Every night, as he sat at the bar, shivering a little, Dr. Broussard recited the reasons he should not make an exception to his rule about drinking, and the reasons he should. Each night, the argument was brief and when it was done, he raised his hand and the barman brought a glass of vodka which Dr. Broussard swallowed in three gulps. Then, not wanting to waste any of the benefits of his transgression, he hurried to his home which was an apartment.
Ordinary. Second floor. Three rooms, mostly bare. A bed, a stool for the counter, some cardboard boxes to organize his clothes. His house things—as well as his office and his medical records and his secretary, who’d evacuated to Houston and stayed there--had all gone in the storm and he had not replaced them.
After he had washed himself, he lay down and pulled up his blanket. He folded his hands across his chest but kept his eyes open, fighting to stay awake for as long as he could because his night-people—Cecile and Sonny-Boy and the others--usually waited for him to sleep before they came. They were angry and clamorous so it seemed simplest to stay awake. Toward morning, he’d drop off for a little but the circles beneath his eyes were so dark that the nurses in his office whispered about him. “Leukemia, do you think?” “Radiation sickness?”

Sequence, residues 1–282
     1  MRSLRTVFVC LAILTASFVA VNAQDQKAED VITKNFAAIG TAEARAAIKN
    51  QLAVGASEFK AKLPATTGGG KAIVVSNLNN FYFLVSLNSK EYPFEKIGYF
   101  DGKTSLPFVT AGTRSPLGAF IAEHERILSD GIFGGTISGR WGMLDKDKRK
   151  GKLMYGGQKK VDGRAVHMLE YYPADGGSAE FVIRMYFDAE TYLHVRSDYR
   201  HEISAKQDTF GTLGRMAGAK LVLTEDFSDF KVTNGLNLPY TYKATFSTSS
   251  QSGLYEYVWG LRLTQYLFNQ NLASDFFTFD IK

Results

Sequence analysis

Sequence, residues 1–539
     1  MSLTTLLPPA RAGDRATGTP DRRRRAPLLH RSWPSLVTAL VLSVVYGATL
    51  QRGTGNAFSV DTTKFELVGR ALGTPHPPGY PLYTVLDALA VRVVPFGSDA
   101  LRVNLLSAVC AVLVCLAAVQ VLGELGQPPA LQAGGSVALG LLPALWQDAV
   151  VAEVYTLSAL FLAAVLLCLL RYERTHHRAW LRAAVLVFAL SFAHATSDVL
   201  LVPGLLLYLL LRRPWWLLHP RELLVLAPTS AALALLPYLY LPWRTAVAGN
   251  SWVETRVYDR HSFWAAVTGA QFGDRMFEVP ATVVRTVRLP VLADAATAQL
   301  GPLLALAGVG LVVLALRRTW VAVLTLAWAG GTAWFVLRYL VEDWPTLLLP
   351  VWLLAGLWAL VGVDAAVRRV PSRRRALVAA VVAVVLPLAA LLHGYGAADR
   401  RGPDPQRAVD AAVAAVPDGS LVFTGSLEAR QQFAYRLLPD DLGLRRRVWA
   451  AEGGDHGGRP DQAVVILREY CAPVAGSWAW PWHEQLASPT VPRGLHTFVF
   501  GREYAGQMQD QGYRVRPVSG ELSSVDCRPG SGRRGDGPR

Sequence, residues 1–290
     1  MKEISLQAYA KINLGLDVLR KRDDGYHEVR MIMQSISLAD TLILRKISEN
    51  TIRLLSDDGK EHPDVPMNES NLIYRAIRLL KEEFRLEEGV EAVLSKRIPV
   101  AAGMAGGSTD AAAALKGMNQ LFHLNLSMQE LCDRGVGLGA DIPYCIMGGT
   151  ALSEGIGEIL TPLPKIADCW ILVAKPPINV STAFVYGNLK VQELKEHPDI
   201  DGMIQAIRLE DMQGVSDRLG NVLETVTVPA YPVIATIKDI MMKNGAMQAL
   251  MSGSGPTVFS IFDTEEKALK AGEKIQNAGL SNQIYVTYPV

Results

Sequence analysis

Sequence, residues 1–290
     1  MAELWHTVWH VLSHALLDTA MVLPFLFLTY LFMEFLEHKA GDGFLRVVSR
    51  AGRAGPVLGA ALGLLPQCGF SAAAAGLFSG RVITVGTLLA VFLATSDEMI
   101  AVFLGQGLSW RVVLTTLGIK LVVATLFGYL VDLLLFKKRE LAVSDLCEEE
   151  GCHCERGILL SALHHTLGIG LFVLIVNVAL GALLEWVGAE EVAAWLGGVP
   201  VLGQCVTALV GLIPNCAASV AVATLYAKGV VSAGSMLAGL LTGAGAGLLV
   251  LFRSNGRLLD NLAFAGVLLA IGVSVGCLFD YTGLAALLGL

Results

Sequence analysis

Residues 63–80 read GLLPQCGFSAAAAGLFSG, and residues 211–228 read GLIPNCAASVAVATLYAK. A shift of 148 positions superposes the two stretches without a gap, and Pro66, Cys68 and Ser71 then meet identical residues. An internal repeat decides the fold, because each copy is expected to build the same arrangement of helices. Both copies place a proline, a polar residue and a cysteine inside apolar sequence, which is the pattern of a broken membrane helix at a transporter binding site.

In his old hospital, after the levee had given up and the water had crept through the hallways and under the doors, they—he, and the two nurses who had stayed, and Albert the janitor--had moved his cancer patients up a floor, and then another. They moved them on stretchers and in their arms, because, of course, the elevators were not working. Someone--usually Albert—followed, carrying the IV bags.
After a while, they ran out of the things they had to have. When the pain medication was gone and the water was gone and the heat and the smell and the bugs washed over them like a tide, when the plaster walls stank of the dead bodies they had left behind as they ascended the building, when the sounds of pain made him wilder than the storm, then he did as they had taught him in medical school: he paused to assess his supplies, which were meager and growing more so, and his options.
He was not a man who acted quickly. He bowed his head and took some time over his thinking. Then he made his rounds, taking each IV line into his hand, and injecting it with freedom. He wondered which of his patients knew what he was giving them.
He did not know and did not want to know. He clung to his ignorance, and to the cold blanket he had woven for himself.